(ii) More than ten persons called. All of them wanted to see you.
(iii) They all cheered the team.
(iv) Both her parents are teachers.
(v) How much have you got? Give me all of it

4. Complete each sentence using the right form of the adjective given in brackets.
(i) My friend has one of the _______ cars on the road. (fast)
(ii) This is the _______ story I have ever read. (interesting)
(iii) What you are doing now is _______ than what you did yesterday. (easy)
(iv) Ramesh and his wife are both _______. (short)
(v) He arrived _______ as usual. Even the chief guest came _______ than he did. (late, early)
Answer – 
(i) My friend has one of the fastest cars on the road.
(ii) This is the most interesting story I have ever read.
(iii) What you are doing now is easier than what you did yesterday.
(iv) Ramesh and his wife are both short.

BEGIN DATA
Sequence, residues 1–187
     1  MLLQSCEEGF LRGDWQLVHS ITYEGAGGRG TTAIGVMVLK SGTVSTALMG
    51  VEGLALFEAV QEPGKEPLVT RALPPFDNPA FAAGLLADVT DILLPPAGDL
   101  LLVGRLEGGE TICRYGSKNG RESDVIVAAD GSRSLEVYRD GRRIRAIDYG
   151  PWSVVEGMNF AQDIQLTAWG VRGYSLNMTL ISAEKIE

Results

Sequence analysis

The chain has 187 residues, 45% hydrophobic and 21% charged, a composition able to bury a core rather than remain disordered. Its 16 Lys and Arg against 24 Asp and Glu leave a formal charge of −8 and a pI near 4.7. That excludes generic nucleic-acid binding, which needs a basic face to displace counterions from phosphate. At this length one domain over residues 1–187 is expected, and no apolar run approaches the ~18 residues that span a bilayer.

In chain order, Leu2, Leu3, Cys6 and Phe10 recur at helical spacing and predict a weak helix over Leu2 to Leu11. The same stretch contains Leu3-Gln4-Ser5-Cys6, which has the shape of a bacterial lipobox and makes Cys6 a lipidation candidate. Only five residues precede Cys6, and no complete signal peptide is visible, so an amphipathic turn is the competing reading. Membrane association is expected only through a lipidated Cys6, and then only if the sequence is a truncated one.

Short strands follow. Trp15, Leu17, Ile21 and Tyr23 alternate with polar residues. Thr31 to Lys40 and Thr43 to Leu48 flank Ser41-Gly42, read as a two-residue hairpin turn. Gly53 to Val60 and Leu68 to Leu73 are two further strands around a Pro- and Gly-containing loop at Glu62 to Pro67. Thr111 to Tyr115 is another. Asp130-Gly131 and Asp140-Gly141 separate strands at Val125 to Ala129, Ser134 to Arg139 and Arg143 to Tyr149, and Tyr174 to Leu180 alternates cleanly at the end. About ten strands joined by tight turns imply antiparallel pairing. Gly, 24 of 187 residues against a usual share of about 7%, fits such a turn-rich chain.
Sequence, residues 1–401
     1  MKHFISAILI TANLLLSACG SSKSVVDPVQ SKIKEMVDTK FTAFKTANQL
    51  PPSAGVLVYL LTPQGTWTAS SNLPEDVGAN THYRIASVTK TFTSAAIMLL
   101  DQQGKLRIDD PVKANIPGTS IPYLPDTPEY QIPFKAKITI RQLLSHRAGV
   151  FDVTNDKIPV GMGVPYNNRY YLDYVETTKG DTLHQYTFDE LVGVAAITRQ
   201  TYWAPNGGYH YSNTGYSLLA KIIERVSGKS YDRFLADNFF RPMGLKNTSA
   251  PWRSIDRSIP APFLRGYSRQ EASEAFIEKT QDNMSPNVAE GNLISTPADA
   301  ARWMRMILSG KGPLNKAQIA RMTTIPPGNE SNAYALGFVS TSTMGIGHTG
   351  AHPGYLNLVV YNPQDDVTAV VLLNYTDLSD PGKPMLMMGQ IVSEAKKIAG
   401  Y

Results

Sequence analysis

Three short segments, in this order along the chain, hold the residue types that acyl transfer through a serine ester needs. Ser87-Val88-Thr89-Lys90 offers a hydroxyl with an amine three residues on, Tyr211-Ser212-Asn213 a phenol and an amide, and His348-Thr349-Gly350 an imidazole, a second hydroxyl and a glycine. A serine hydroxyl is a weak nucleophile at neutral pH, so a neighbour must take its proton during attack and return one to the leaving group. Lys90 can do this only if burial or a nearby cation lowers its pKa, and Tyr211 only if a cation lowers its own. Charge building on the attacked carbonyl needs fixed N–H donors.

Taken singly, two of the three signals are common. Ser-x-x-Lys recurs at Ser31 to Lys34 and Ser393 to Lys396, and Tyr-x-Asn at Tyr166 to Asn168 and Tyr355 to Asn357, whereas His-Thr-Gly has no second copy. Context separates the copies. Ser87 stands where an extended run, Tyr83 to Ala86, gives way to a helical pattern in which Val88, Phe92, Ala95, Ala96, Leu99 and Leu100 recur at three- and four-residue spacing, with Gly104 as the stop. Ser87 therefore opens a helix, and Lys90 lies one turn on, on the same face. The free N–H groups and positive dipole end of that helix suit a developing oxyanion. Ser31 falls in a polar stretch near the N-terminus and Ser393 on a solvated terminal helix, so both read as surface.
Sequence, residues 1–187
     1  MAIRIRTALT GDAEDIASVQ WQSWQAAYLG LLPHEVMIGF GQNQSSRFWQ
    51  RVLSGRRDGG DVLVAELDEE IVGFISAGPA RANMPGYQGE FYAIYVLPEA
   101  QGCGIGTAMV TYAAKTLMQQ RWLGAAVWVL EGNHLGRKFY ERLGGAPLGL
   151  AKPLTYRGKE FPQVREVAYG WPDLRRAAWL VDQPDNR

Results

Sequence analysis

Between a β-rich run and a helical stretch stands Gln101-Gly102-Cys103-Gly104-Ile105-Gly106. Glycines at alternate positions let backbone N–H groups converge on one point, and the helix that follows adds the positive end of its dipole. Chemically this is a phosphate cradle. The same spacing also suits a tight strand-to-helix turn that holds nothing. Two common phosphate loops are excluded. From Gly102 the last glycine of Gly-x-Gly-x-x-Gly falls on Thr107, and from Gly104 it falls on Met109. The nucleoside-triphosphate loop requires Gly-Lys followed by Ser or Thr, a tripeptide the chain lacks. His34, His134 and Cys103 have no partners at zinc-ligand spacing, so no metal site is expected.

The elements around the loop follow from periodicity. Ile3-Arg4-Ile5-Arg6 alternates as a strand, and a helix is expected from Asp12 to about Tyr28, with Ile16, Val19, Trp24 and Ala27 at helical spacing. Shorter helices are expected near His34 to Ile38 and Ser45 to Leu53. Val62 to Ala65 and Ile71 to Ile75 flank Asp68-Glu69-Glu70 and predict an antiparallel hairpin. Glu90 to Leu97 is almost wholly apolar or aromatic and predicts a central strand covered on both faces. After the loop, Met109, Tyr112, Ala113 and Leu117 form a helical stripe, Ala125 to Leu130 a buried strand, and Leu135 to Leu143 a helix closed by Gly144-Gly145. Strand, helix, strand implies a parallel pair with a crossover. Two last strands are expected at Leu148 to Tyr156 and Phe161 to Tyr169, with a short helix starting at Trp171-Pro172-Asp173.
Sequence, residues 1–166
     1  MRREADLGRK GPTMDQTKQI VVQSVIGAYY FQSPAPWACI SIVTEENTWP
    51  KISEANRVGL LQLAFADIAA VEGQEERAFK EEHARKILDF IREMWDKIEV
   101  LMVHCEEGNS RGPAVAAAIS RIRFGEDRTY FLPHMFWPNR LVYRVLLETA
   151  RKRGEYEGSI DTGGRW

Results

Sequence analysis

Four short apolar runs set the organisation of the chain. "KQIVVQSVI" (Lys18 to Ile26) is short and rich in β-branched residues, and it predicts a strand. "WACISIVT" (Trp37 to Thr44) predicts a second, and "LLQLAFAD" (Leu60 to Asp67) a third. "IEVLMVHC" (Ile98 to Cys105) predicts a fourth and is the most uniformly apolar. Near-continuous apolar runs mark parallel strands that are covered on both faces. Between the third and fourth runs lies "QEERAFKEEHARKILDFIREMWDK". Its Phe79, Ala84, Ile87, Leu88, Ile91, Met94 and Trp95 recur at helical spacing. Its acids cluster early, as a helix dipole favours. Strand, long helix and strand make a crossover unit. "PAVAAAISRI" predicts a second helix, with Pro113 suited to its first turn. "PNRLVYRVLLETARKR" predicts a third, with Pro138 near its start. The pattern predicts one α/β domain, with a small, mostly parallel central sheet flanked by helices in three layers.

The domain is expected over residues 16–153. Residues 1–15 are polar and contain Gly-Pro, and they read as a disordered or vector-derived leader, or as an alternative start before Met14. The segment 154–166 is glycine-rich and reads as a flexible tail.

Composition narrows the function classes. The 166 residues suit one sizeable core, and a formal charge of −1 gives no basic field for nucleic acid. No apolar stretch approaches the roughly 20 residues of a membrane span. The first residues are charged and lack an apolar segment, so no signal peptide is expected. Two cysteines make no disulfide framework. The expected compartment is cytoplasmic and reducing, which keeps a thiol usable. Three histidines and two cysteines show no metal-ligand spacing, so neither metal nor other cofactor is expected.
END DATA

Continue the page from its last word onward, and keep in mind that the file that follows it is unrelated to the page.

(v) He arrived late as usual. Even the chief guest came earlier than he did.

speaking and writing

1. Say the following words with correct stress. Pronounce the parts given in colour loudly and clearly.

camel balloon
decent opinion
fearless enormous
careful fulfil
father together
govern degree
bottle before
  • In a word having more than one syllable, the stressed syllable is the one that is more prominent than the other syllable(s)
  • A word has as many syllables as it has vowels.
    man (one syllable)
    ´manner (two syllables)
  • The mark (´) indicates that the first syllable in ‘manner’ is more prominent than the other.

2. Underline stressed syllables in the following words. Consult the dictionary or ask the teacher if necessary.

artist mistake accident moment
compare satisfy relation table
illegal agree backward mountain

Answer – 

artist mistake accident moment
compare satisfy relation table
illegal agree backward mountain

3. Writing a notice for the School Notice Board.
Step 1
Discuss why notices are put up on the notice board.
What kinds of ‘notices’ have you lately seen on the board?
How is a notice different from a letter or a descriptive paragraph?
Step 2
Suppose you have lost or found something on the campus.
What have you lost or found?
You want to write a notice about it. If you have lost something, you want it restored to you in case someone has found it. If you have found something, you want to return it to its owner.